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Background and Aims

Background and Aims

The chert source and associated stone tool knapping floors of Stélida was first discovered in 1981 as part of a single-season survey undertaken by the École Française d’Athènes under the direction of René Treuil, with preliminary publication of the site and chipped stone assemblage undertaken by Michel Séfériadès (1983). 

Stélida comprises a 118m high hill located on the extreme west of cape Aghios Prokopios on the north-west coast of Naxos, c. three kilometres to the south of Chora the island’s modern port and capital (Figures 1-2). Today the hill forms part of a promontory into the Aegean, flanked by a narrow strip of flat land to the west, while to the south there is a larger coastal plain and some brackish lagoons, the east being flanked by granite hills, then salt flats and the island’s small airport (Figure 3). Since the 1980’s Stélida has undergone major development, with a series of private residences and hotel complexes that have encroached upon the hill and disturbed the archaeological remains, while to the north the hill has been heavily quarried. 

Stelida aerial

Figure 1: Aerial view of Stélida from the West (D. Depnering).

While Séfériadès discussed the stone tools in some detail in 1983, the date of Stélida’s material ultimately remained unresolved. Arguably the site’s chronology was problematic for two reasons. Firstly, tools of Stélida chert had never been found before in Cycladic excavations, so the material will be dated by association. Indeed, until that point the vast majority of stone tools found on prehistoric sites of the islands (later Neolithic – Bronze Age) were made of obsidian, a black volcanic glass from nearby Melos (Figure 4) Nor did the tools from Stélida  look like the implements published from these 5th – 2nd millennium BC sites.     

Stelida in Spring

Figure 2: View of Stélida from the East.

Secondly, many Cycladic archaeologists were highly influenced by the work of Cherry (1981), who had argued persuasively that the small islands of the Mediterranean were not occupied until the later Neolithic (5th millennium BC), whereby it would have been contrary to the accepted model of Cycladic colonisation to have suggested an earlier date for Stélida. Today we know that this later Neolithic colonisation model is flawed, with surface finds of alleged Lower/Middle Palaeolithic date reported from Melos, while on Kythnos a Lower Mesolithic site has been excavated and securely dated to the 9th millennium BC millennium BC (Sampson et al 2010).

Google image grab

Figure 3: Aerial view of Stélida showing modern development around the hill and modern airport to the East.

Stélida thus remained something of a chronological enigma after its initial discovery. In 2002 the KA’ Ephoreia of Prehistoric and Classical Antiquities undertook a survey of the western part of the site prior to new building on the promontory (directed by Mrs. Olga Philaniotou), followed by two small-scale rescue excavations in the past decade on the lower eastern and southern slopes of Stélida (directed by Mrs. Irini Legaki). A preliminary report was published on the latter work, which made important claims of finding artefacts of Mesolithic and Upper Palaeolithic date (Legaki 2009).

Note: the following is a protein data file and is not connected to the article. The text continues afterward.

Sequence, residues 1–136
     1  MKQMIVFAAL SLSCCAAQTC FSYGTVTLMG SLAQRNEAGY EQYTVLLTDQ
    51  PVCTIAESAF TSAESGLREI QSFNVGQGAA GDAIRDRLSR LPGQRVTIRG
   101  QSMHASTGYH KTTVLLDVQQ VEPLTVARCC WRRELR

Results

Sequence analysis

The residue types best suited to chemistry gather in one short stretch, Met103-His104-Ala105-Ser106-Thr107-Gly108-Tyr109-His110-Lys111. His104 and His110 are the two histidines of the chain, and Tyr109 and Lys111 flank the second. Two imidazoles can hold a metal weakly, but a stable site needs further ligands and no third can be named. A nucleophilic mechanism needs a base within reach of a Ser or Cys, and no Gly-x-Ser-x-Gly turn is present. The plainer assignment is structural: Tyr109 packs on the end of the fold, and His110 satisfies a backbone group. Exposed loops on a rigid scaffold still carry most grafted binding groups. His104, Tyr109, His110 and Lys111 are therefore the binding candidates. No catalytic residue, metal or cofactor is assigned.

Cyclades and Aegean Google grab

Figure 4:
Islands mentioned in the text. 

Our desire to undertake a detailed survey of Stélida’s thus stemmed firstly from its potential to make a significant contribution to our knowledge of the earlier prehistoric Cyclades, in the broader context of other recent discoveries of Palaeolithic activity on the Aegean islands of Crete (Strasser et al 2010), Kephallonia and Zakynthos (Ferentinos et al 2012), and Lesbos (Galanidou et al 2013). Moreover, with the hill having been heavily disturbed by modern construction over the past three decades (Figure 3), we felt a rescue project was desperately needed to characterise and date the hill’s prehistoric exploitation before the evidence is forever lost.


Cherry, J. F. (1981), ‘Pattern and process in the earliest colonisation of the Mediterranean islands’, Proceedings of the Prehistoric Society 47: 41-68.

Ferentinos, G., Gkioni, M., Geraga, M. and Papatheodorou, G. (2012), ‘Early seafaring activity in the southern Ionian Islands, Mediterranean Sea’, Journal of Archaeological Science 39: 2167-2176.

Galanidou, N., Cole, J., Illiopoulos, G. and McNabb, J. (2013), ‘East meets West: the Middle Pleistocene site of Rodafnida on Lesvos, Greece’, Antiquity 87(336) (Project Gallery: projgall/galanidou336/). 

Legaki, E. (2009), ‘H archaiologikh ereyna gia thn Pro-Neolithikh, Neolithikh kai Protokykladikh Naxo ws pronomiakos moxlos anaptykshs’, Naxiaka Grammata 1(2): 6-17.

Sampson, A., Kaczanowksa, M. and Kozlowski, J.K. (2010), The Prehistory of the Island of Kythnos (Cyclades, Greece) and the Mesolithic Settlement at Maroulas. The Polish Academy of Arts and Sciences / The University of the Aegean, Kraków.

Séfériadès, M. (1983), ‘Un centre industriel préhistorique dans les Cyclades: Les ateliers de débitage du silex à Stélida (Naxos)’, in G. Rougement (ed.), Les Cyclades: Matériaux Pour une Étude de Géographie Historique, Editions du CNRS, Lyon: 67-73.

Strasser, T., Panagopoulou, E., Runnels, C., Murray, P., Thompson, N. Karkanes, P., McCoy, F. and Wegmann, K. (2010), ‘Stone Age seafaring in the Mediterranean: evidence from the Plakias region for Lower Palaeolithic and Mesolithic habitation of Crete’, Hesperia 79: 145–190.